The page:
Spanish Lessons in South America – Lost in Translation

Posted By Angie in South America

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Woman in handicraft market in the Sacred Valley, PeruWhen the plane landed I was pumped. We had finally made it to the region of our trip that I was most excited for: South America! I studied Spanish in high school and remembered quite a bit of it, plus I had been brushing up using the language learning app Duolingo and other Kindle books.

I was ready to breeze through this continent with my awesome Spanish skills.

Well, it didn’t take me long to realize that things are a bit more complicated than that. Instead of friendly Spanish conversations I was met with blank stares. When reading menus, I resorted to the tactic of pointing at something and hoping for the best.

Basically, I had learned Castilian Spanish (what they speak in parts of Spain) and there are surprisingly a lot of differences between that and Latin American Spanish. I’m sure that tour operators are probably a huge resource when it comes to languages and the differences so next time I do a big trip I might go through someone like that. Combine that with slang and dialects that are wildly different from country to country just within South America, and you’ve got a much more complicated language than I had anticipated.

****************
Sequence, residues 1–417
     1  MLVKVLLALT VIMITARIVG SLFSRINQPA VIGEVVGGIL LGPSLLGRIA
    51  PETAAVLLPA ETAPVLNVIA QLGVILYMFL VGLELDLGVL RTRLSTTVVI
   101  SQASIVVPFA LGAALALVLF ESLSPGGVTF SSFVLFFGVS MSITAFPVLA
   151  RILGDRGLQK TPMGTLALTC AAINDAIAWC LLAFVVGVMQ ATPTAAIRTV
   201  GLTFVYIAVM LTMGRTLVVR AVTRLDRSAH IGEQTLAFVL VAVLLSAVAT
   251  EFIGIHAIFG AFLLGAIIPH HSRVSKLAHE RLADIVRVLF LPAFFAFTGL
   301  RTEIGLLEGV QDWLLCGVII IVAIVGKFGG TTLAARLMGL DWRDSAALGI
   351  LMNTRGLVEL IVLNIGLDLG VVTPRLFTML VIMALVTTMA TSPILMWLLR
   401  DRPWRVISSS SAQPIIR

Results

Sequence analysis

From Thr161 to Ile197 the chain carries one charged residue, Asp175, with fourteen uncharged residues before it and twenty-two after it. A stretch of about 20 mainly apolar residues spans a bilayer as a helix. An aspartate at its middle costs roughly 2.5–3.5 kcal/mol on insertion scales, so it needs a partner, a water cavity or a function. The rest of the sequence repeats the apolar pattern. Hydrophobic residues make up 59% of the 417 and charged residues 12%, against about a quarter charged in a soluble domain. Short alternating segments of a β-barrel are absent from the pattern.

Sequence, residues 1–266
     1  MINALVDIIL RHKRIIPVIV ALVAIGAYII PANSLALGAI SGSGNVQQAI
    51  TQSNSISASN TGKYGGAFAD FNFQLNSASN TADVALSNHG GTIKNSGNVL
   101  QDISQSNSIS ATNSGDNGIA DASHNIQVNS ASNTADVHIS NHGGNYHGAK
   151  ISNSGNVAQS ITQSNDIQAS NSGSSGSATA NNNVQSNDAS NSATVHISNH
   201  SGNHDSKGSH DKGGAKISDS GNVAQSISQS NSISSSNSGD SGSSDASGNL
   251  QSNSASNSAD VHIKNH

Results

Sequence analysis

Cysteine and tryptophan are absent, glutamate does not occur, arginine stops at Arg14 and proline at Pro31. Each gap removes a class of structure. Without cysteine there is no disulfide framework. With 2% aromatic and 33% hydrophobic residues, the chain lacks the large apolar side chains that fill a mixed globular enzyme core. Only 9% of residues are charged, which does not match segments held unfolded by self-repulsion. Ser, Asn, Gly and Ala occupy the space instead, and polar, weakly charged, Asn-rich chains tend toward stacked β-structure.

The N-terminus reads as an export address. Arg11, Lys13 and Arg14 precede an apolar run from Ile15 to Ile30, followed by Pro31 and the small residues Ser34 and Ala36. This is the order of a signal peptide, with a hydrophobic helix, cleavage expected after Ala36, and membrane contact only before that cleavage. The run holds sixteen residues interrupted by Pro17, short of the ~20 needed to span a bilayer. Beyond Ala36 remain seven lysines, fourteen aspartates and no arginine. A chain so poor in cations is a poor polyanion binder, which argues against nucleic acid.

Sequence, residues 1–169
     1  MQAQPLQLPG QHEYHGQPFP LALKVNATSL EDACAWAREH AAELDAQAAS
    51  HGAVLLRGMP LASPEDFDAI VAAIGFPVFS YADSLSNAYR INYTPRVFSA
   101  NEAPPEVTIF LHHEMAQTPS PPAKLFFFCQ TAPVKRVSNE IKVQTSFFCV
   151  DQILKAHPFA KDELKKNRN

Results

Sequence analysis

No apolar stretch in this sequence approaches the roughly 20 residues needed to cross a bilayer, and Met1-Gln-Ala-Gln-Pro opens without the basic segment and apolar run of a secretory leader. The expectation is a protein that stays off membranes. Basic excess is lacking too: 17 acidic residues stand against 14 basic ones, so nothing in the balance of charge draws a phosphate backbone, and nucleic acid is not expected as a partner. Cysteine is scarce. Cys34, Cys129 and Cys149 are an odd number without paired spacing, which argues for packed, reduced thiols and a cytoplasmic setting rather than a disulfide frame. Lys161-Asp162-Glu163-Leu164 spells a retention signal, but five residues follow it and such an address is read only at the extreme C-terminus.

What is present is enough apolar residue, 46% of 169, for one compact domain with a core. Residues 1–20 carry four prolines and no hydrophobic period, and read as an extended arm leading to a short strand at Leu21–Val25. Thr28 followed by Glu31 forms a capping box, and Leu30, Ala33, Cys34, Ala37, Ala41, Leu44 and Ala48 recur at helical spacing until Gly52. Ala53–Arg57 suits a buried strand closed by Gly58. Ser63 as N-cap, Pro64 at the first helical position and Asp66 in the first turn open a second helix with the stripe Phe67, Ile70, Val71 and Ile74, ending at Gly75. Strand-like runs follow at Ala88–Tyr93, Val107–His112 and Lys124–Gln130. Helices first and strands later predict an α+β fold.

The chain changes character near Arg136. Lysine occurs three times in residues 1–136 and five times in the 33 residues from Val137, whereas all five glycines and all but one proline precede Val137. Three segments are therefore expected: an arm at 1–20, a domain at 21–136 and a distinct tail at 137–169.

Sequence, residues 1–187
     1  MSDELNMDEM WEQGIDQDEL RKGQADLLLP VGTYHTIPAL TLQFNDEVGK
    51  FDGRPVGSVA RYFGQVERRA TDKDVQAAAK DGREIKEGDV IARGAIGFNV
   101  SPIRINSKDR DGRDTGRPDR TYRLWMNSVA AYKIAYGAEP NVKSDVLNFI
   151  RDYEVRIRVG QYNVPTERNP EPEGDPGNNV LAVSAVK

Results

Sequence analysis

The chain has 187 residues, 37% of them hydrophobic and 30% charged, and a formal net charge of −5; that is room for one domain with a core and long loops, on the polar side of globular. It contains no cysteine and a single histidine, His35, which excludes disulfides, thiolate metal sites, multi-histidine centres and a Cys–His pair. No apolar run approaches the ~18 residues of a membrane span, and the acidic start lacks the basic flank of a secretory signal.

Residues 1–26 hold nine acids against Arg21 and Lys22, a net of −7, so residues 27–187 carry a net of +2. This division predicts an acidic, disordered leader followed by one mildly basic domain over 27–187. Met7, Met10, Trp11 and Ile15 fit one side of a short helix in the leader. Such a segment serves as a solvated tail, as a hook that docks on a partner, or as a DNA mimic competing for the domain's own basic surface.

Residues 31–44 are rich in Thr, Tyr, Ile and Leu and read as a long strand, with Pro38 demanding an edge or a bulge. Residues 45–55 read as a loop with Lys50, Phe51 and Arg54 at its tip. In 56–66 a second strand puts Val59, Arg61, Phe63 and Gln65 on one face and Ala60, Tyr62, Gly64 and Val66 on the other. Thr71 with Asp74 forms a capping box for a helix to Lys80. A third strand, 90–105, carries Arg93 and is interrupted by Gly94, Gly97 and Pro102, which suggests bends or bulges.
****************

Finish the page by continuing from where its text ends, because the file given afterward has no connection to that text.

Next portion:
What are some of the things that we learned that can help you communicate more effectively when you visit South America? We let you in on them in this post.

Spanish is Spanish, Right? 

Laguna Colorado, Bolivia

One of the major differences that we noticed right away in Latin American Spanish vs. Castilian Spanish (like you’d hear on a vacation in Spain) is that people in Latin America don’t say adios. Instead, ciao is the word of choice, or maybe luego or hasta luego if you’re in northern South America.

Trust me, if you say adios you will feel awkward and people will stare at you.

As a traveler, another notable difference in Latin America is different names for fruits and vegetables than in Castilian Spanish. For example, avocado is aguacate in Spain but palta in most of South America (but if you make it up to Colombia, you get to revert back to aguacate!). Peach is melocoton in Spain but durazno in South America. So if you’ve learned Castilian Spanish, be prepared to re-learn your fruit and vegetable terms- it will really help when reading menus!